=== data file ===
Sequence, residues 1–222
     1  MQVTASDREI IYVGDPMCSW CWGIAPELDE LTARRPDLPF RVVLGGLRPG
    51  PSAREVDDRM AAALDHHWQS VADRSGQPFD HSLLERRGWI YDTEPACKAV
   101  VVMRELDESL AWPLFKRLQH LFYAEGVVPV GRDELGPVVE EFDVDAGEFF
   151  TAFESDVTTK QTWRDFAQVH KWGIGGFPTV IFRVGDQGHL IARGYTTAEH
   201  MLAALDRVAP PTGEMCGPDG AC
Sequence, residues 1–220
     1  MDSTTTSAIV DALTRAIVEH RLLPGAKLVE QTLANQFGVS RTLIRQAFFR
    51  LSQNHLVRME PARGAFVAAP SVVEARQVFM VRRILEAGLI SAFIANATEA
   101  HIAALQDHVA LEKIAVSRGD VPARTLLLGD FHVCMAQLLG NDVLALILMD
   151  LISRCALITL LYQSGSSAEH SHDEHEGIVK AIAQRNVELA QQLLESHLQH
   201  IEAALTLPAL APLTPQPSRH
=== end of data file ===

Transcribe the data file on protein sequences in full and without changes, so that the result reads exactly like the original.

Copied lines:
Sequence, residues 1–222
     1  MQVTASDREI IYVGDPMCSW CWGIAPELDE LTARRPDLPF RVVLGGLRPG
    51  PSAREVDDRM AAALDHHWQS VADRSGQPFD HSLLERRGWI YDTEPACKAV
   101  VVMRELDESL AWPLFKRLQH LFYAEGVVPV GRDELGPVVE EFDVDAGEFF
   151  TAFESDVTTK QTWRDFAQVH KWGIGGFPTV IFRVGDQGHL IARGYTTAEH
   201  MLAALDRVAP PTGEMCGPDG AC
Sequence, residues 1–220
     1  MDSTTTSAIV DALTRAIVEH RLLPGAKLVE QTLANQFGVS RTLIRQAFFR
    51  LSQNHLVRME PARGAFVAAP SVVEARQVFM VRRILEAGLI SAFIANATEA
   101  HIAALQDHVA LEKIAVSRGD VPARTLLLGD FHVCMAQLLG NDVLALILMD
   151  LISRCALITL LYQSGSSAEH SHDEHEGIVK AIAQRNVELA QQLLESHLQH
   201  IEAALTLPAL APLTPQPSRH